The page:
Glossario

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Bayesian Inference and Graphical ModelsBayesian networks

Momento della lettura: ~20 min

Consider the following probabilistic narrative about an individual's health outcome.

(i) A person becomes a smoker with probability 18%.
(ii) They exercise regularly with probability 40% if they are a non-smoker or with probability 25% if they are a smoker.
(iii) Independently of the above, with probability 15% they have a gene which predisposes them to lung cancer.
(iv) Their conditional probability of contracting lung cancer, given the indicator random variables I_1, I_2, and I_3 of the events described in (a), (b), and (c) respectively, is given by 0.025 + 0.1I_1 - 0.02I_2 + 0.1I_3.

We can visualize this story with a diagram in which each event of the four indicator random variables is a node, and arrows are drawn to indicate dependencies as specified in the story.

A Bayesian network

Exercise
Is this the only such diagram consistent with the specified probability measure on the four random variables?

Solution. No, there's nothing about smoking and exercising that requires that we sample the smoking indicator and then the exercising indicator from its conditional distribution giving smoking. We could have done it the other way around.

The diagram tells us that having the gene is independent of smoking and exercising (since those nodes have no common ancestors in the diagram). If we included another descendant of the "smokes" node, like "develops premature wrinkles", then that would be communicating that premature wrinkles and lung cancel—while not independent—are conditionally independent given the smoking random variable.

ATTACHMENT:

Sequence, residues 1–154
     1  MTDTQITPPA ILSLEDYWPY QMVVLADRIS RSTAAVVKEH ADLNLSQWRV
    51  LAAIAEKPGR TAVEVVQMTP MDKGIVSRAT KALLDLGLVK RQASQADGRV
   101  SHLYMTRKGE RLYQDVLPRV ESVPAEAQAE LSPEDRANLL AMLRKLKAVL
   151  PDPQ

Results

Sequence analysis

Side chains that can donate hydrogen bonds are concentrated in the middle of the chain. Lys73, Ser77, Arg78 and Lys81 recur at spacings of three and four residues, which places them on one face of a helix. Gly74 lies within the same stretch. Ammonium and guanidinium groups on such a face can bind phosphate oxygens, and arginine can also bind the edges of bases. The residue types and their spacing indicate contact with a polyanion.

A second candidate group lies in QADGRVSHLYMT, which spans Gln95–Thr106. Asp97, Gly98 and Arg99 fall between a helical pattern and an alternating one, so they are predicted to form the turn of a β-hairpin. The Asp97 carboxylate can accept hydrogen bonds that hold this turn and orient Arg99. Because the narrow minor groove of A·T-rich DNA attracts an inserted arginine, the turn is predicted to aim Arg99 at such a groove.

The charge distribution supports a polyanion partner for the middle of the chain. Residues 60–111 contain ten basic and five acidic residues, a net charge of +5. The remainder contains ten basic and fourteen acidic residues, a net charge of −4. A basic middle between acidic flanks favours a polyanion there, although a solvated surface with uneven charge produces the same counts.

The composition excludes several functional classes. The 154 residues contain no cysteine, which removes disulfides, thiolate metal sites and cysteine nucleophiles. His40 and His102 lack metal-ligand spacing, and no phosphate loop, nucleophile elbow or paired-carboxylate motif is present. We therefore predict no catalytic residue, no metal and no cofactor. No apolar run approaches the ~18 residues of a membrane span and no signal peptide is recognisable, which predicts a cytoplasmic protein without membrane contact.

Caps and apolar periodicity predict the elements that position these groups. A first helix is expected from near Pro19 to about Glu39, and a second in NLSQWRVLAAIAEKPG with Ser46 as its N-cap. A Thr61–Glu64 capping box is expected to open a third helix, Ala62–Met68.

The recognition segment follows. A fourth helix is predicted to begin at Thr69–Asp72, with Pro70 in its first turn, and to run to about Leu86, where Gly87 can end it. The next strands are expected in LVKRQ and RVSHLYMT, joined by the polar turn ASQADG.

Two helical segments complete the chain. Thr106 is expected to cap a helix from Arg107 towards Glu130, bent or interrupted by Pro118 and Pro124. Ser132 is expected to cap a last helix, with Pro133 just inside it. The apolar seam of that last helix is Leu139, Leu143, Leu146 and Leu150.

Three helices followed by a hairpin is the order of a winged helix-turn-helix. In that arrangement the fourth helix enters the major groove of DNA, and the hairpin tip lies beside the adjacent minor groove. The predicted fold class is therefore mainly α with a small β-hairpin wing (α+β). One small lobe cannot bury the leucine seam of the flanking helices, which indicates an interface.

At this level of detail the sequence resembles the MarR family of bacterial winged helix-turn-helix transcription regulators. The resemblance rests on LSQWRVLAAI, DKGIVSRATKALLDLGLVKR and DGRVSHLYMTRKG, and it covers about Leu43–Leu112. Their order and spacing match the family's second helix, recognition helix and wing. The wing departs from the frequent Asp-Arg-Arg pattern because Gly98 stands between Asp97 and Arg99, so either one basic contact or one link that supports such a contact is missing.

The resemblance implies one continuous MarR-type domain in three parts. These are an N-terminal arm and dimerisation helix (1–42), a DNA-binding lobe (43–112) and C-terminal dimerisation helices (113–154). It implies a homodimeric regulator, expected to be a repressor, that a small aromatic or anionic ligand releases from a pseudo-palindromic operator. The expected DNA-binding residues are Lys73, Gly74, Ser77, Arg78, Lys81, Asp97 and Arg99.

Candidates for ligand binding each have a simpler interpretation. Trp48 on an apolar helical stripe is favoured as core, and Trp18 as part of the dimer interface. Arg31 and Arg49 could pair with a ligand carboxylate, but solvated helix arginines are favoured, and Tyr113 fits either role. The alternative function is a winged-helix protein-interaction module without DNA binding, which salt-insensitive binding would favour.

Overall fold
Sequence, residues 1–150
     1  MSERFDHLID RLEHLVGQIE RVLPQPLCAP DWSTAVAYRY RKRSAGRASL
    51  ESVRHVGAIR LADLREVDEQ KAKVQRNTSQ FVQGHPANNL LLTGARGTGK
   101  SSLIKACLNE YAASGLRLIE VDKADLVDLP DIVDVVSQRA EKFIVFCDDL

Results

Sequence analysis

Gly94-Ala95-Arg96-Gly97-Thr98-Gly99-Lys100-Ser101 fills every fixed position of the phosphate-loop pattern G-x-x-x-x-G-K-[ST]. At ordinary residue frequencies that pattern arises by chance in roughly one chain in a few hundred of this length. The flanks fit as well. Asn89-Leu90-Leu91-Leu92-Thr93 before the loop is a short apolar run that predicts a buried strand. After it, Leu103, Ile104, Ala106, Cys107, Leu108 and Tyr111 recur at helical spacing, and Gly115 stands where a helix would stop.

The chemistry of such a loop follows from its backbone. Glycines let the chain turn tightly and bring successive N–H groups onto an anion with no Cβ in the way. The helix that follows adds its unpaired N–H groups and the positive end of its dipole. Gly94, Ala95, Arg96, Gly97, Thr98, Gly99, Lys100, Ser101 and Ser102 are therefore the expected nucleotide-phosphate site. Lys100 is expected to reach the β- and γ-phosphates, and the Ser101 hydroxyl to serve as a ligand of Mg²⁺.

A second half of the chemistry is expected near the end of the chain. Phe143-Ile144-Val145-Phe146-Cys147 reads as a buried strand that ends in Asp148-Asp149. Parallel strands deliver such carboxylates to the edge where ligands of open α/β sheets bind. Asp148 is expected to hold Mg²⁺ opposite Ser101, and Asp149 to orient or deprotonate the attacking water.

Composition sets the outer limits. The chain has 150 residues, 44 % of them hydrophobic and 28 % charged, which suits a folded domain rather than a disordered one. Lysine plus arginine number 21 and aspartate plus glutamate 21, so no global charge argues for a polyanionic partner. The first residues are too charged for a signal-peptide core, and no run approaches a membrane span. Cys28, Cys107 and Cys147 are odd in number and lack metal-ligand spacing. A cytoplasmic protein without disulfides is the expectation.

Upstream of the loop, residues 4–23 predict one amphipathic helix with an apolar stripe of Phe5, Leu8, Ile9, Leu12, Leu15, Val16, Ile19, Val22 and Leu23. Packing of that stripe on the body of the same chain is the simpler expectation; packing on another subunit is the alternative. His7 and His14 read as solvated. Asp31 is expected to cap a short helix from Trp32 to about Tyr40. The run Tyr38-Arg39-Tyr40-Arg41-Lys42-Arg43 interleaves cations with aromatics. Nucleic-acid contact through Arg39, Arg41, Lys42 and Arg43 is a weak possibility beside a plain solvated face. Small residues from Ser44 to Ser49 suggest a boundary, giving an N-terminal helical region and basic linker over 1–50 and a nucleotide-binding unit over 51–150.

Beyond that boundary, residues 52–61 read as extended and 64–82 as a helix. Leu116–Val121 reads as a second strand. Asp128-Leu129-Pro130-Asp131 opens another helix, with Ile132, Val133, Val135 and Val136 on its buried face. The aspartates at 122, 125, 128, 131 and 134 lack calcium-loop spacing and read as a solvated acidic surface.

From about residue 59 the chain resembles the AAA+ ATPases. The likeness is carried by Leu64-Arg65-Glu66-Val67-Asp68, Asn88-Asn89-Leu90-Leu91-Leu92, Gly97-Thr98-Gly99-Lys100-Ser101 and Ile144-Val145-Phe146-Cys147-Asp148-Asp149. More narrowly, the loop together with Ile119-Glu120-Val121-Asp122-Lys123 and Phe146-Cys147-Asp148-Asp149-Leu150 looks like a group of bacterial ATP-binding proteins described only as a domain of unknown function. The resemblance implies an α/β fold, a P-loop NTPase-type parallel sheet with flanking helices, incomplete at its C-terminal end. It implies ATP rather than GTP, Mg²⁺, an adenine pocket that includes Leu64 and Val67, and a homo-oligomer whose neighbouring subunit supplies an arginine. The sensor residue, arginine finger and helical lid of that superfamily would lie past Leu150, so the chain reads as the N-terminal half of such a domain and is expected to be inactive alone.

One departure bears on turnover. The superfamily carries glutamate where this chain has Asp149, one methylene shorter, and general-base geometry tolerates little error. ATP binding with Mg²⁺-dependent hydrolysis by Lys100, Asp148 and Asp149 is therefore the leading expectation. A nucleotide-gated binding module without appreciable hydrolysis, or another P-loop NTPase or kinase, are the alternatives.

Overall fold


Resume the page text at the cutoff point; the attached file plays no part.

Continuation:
Gaussian mixture models

Consider a distribution on \mathbb{R}^n whose density function can be written as a linear combination of d multivariate Gaussian densities:

using Plots, Distributions
f(x,y) = 0.55pdf(MvNormal([2.2, -0.4], [0.4 0.2; 0.2 0.4]), [x,y]) +
         0.45pdf(MvNormal([0.1, -4.3], [1.5 -0.1; -0.1 0.5]), [x,y])
p1 = heatmap(-6:0.05:6, -6:0.05:6, f)
p2 = surface(-6:0.05:6, -6:0.05:6, f)
plot(p1, p2, size = (650, 300))

Such a distribution is called a Gaussian mixture model. We can sample from a GMM of the form \alpha_1 f_1(x) + \alpha_2 f_2(x) + \ldots + \alpha_d f_d(x) by simulating a random variable Z which takes values in \{1, 2, \ldots, d\} with probability \alpha_k for each element k, and then drawing X from a multivariate normal distribution with mean \mu_Z and covariance \Sigma_Z (where \mu_k and \Sigma_k are the mean and covariance of f_k).

Exercise
Explain how you might estimate the means, covariances, and \alpha values based on the observations shown. Feel free to use your own visual intuition as part of the algorithm.

Solution. We identify the two clusters visually, and we associate each point with one of the clusters or the other. Then we estimate means and covariances of the sample means and covariances for the two clusters, and we estimate the \alpha's as the proportions of points belonging to each cluster.

In the next section (on Expectation-Maximization), we'll talk about how to do this in a way that doesn't require a human to hand-pick the Z value for each point.

Hidden Markov Models

The second example of a Bayesian network we'll look is the Hidden Markov Model (HMM). An HMM consists of a Markov chain Z_1, \ldots, Z_n together with a collection of random variables X_1, \ldots, X_n with the property that that the conditional distribution of X_j given all of the other random variables depends only on Z_j. Represented as a Bayes net, the hidden Markov model looks like this: